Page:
Hector Berlioz is one of the most influential French composers of all time.
Born on Dec. 11, 1803, Berlioz was supposed to become a doctor like his father. But he opted for a career in music and soon found himself at odds with the musical establishment in Paris. However, he would win the Prix de Rome in 1830.
His first opera, “Benvenuto Cellini,” was, unfortunately, a failure for Berlioz, but he recovered by composing one of his most famed works, “Romeo et Juliette,” thereafter. His next operatic work, “La Damnation de Faust,” was also deemed a failure.
“Les Troyens” and “Béatrice et Bénédict” would follow in his operatic output. The latter would have a successful premiere but would never establish a foothold in the repertory. More on the former work a little later.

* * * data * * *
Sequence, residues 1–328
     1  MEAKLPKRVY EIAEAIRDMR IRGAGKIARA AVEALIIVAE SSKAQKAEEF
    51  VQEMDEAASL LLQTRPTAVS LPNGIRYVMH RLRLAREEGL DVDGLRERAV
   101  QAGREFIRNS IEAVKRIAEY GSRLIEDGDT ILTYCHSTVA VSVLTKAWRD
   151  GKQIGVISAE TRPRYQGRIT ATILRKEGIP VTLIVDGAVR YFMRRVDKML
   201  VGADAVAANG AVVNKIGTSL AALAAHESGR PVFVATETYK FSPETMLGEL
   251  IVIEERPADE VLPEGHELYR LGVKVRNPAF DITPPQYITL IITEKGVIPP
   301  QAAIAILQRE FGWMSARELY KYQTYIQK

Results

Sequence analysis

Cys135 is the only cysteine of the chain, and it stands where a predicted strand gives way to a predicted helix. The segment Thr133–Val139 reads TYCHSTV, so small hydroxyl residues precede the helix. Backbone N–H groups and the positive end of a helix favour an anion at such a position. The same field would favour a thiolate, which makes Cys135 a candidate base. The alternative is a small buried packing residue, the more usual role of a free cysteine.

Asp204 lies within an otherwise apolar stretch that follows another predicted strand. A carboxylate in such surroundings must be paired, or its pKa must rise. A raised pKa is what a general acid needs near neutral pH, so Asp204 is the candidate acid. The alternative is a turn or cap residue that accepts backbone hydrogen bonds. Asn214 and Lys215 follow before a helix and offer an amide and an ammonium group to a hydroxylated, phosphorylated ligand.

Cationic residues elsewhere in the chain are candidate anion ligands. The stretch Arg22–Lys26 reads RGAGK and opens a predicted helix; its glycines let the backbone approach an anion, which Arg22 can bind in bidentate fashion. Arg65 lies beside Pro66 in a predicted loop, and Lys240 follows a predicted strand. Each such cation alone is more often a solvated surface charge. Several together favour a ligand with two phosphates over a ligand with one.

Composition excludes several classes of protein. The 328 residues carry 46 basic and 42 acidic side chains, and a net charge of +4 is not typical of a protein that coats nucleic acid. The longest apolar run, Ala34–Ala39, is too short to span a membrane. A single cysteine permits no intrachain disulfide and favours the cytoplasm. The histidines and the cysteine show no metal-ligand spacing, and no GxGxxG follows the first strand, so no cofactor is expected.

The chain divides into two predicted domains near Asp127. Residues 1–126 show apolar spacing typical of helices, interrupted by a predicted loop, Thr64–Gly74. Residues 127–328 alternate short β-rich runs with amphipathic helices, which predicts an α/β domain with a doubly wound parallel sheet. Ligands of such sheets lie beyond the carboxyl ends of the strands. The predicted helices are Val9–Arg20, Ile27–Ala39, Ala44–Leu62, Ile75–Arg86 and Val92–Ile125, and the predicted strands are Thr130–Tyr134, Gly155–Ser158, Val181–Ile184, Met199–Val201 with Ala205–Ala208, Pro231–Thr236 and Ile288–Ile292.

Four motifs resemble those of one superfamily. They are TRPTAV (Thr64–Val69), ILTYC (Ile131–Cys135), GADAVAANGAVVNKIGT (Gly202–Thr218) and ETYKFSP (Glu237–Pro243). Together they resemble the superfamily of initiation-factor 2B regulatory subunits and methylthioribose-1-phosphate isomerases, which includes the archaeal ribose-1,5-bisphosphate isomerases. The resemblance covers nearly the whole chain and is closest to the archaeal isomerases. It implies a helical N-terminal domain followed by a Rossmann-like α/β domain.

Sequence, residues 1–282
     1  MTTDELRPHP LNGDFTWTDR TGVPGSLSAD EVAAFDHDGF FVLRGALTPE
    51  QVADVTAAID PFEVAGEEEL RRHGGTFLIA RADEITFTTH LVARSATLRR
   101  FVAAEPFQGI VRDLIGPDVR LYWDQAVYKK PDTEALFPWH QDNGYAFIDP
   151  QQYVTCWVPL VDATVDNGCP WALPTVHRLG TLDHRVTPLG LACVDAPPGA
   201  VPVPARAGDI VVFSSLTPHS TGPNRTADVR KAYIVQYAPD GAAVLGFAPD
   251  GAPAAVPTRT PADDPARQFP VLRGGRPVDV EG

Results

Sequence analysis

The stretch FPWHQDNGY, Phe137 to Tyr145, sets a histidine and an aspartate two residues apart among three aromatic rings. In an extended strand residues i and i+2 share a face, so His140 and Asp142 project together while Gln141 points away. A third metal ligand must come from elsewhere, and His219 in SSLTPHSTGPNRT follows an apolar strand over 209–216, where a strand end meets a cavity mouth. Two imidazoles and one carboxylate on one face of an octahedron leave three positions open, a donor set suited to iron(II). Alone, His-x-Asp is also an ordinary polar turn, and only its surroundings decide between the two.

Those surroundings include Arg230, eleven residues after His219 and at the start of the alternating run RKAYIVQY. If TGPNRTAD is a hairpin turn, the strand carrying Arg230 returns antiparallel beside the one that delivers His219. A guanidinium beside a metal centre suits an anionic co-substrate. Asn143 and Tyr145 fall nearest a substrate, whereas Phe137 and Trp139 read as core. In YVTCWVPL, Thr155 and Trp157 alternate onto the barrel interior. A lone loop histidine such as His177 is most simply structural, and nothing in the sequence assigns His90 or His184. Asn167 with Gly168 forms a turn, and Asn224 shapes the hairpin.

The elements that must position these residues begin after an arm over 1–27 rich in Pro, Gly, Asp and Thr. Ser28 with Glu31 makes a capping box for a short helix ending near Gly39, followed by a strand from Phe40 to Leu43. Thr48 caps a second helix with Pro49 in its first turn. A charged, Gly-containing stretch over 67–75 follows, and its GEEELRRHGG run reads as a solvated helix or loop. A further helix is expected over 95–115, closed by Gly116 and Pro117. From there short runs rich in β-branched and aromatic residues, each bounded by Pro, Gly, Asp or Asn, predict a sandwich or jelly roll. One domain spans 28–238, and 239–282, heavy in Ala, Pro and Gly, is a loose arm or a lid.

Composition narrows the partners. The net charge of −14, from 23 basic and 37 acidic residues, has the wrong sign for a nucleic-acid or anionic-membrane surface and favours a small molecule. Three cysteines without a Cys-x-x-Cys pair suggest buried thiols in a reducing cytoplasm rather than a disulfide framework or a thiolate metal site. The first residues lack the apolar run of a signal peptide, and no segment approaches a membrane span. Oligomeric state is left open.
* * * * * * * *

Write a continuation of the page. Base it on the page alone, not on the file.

Berlioz endured great tragedy in the latter years, losing his wife and son and died at the age of 65 on March 8, 1869.
As far as opera goes, Berlioz created quite a number of major works, but only a couple really get performances on a regular basis. “La Damnation de Faust” has grown in popularity in recent years, but the opera that has sustained a sturdy reputation (and see it grow as well) is “Les Troyens.”
The opera, based on “The Aeneid,” is often cited as one of the greatest operas ever created; many consider it one of the best, if not the best, French grand opera of all time. Ironically, its scale made it impossible to stage during the composer’s life.
Read More on Berlioz
Watch and Listen
Here is “La Damnation de Faust” starring Jonas Kaufmann, Susan Graham, and Jose Van Dam.
Here is a beloved recording of “Les Troyens.”